The band’s 100-date 18-month world tour will see the multi-millionaires clock up an incredible 70,000 air miles in their fuel-guzzling private jet. U2360 tour also features three 390-ton stages criss-crossing the globe, along with 200 crew and backstage staff. U2’s CO2 emissions are the equivalent of the waste created by 6,500 average British or Irish people in an entire year, or equal to leaving a standard 100 watt lightbulb on for 159,000 years.
The band’s vast emissions are dozens of times bigger than Madonna’s carbon footprint on her 2006 world tour, despite her extravagant demands and 250 staff. She produced 1,635 tons in air transport.
U2’s PR agency RMP did not return a request asking if the band were buying carbon offsets to contribute towards the damage of their enormous emissions.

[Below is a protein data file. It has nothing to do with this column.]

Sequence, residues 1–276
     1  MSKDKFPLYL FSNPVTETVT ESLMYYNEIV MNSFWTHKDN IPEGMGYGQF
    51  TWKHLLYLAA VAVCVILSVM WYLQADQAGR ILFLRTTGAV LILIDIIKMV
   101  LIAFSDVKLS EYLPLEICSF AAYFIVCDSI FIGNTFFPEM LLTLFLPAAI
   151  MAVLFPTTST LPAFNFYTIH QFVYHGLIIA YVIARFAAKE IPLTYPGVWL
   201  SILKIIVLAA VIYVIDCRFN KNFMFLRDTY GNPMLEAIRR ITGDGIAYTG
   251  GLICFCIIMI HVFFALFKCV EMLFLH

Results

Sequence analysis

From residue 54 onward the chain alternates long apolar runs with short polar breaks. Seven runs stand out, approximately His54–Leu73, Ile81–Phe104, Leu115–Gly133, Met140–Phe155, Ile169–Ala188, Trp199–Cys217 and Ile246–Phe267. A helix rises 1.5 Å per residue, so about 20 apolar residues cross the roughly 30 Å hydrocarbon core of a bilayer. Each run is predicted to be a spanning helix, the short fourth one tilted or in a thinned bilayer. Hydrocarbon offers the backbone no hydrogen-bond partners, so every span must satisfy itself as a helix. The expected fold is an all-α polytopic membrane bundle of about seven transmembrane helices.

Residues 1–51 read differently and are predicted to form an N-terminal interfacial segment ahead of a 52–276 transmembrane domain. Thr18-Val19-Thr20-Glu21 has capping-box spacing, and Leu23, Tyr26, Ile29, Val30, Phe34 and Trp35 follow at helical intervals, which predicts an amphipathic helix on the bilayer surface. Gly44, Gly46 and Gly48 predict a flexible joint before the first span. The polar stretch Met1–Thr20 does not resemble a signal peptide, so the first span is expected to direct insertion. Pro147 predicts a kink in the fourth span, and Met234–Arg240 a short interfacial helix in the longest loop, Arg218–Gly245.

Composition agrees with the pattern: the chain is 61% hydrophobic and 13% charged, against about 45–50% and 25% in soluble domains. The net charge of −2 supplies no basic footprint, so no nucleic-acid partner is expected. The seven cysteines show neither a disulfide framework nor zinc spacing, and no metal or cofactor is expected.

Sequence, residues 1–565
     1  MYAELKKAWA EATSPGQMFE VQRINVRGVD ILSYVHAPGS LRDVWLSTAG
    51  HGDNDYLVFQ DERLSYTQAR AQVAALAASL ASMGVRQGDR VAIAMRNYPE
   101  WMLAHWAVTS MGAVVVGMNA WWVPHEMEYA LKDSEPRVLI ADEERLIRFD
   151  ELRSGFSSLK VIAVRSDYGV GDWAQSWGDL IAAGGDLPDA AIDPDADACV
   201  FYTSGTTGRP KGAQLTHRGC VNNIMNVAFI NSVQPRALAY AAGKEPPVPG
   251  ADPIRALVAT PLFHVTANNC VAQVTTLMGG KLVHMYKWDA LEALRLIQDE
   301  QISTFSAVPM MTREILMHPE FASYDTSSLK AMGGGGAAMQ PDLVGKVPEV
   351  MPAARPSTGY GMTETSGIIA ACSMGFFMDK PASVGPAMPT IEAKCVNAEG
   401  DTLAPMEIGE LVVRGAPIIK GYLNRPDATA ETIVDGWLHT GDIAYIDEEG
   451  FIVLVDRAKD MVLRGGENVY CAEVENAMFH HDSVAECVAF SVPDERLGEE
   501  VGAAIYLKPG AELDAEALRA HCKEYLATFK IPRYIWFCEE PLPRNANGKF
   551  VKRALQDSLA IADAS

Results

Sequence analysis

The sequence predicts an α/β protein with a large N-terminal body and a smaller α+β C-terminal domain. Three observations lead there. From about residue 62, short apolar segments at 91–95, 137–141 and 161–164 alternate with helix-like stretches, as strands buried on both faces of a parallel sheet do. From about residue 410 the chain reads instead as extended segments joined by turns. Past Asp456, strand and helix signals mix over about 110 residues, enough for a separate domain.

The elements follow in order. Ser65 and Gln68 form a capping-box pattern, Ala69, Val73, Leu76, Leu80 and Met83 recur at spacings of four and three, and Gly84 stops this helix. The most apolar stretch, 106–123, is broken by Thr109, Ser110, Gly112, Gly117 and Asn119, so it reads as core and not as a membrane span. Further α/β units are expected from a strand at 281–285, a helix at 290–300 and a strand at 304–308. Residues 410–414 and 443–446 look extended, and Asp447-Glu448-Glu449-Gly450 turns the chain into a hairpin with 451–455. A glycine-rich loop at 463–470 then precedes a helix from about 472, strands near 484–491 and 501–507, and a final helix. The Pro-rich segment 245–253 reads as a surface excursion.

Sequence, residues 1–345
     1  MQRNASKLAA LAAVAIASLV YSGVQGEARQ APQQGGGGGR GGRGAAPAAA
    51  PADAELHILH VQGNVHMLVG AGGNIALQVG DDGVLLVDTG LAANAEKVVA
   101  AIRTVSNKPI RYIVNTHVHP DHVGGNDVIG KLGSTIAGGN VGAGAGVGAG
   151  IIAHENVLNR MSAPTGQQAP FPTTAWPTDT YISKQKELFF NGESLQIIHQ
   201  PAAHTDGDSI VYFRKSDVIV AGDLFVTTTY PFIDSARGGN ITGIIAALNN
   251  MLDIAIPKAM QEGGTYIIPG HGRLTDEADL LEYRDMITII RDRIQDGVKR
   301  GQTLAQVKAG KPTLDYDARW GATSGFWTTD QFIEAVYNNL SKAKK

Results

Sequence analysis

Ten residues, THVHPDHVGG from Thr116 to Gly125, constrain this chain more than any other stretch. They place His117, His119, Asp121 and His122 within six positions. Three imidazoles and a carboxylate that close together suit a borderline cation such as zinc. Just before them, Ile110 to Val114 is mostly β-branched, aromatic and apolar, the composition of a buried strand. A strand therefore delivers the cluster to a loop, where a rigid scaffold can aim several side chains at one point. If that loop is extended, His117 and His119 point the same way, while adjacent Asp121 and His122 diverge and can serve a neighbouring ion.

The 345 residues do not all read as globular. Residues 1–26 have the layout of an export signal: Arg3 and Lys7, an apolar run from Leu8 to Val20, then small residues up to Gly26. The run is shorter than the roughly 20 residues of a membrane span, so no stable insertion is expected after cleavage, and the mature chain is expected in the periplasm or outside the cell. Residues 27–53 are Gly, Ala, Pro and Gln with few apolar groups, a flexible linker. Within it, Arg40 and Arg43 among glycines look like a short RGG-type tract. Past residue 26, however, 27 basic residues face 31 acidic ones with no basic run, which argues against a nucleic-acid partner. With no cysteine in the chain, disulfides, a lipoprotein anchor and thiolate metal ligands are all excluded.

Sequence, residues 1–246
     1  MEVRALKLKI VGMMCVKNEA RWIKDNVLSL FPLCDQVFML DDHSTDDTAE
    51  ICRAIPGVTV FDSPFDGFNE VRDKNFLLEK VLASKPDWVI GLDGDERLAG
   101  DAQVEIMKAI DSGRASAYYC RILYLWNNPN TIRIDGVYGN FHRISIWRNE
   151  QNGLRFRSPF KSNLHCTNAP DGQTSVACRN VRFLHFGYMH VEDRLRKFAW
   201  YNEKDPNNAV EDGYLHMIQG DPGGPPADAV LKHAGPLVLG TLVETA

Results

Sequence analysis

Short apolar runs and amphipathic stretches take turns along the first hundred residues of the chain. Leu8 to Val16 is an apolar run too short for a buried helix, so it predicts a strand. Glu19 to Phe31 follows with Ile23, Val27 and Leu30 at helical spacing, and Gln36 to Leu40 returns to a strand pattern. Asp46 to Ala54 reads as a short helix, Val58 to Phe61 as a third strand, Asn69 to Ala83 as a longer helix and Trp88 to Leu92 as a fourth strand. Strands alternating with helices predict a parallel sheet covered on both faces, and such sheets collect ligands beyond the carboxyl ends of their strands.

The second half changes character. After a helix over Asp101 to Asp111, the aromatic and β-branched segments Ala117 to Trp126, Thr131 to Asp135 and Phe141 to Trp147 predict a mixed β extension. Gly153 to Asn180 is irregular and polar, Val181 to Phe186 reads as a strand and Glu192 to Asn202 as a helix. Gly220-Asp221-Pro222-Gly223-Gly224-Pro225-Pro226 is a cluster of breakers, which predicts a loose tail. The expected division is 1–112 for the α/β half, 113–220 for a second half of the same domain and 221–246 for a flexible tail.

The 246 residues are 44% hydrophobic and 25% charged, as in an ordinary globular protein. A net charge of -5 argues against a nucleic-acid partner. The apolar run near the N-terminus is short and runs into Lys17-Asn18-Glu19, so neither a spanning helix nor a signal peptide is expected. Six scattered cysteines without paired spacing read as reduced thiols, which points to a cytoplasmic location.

Carbonfootprint.com’s environment consultant Helen Roberts said: “The carbon footprint generated by U2’s 44 concerts this year is equal to carbon created by the four band members travelling the 34.125 million miles from Earth to Mars in a passenger plane.
“You also have to add the carbon emissions from the same number of concerts again next year.
“Just looking at the 44 concerts this year, the band will create enough carbon to fly all 90,000 people attending one of their Wembley concerts to Dublin. To offset this year’s carbon emissions, U2 would need to plant 20,118 trees.”
Pollution experts said U2’s 44 concerts in Europe and North America this year will produce 20,117.50 tons of CO2 emissions, unless the band unexpectedly decide to ship to equipment to the US, in which case the footprint would be 5091.41 tons.
Bono and his bandmates will generate 64.42 tons of CO2 by flying 22,037 miles to this year’s gigs in their private jet, currently stationed at Nice airport, near their Cote d’Azur holiday villas in the south of France.
Most of the carbon footprint comes from transporting the three 390-tons stages, using 3,286.60 tons of CO2, with another 916.07 tons for extra equipment. Next year they are expected to play 20 concerts in North America in June and July and 20 dates in Europe in August and September.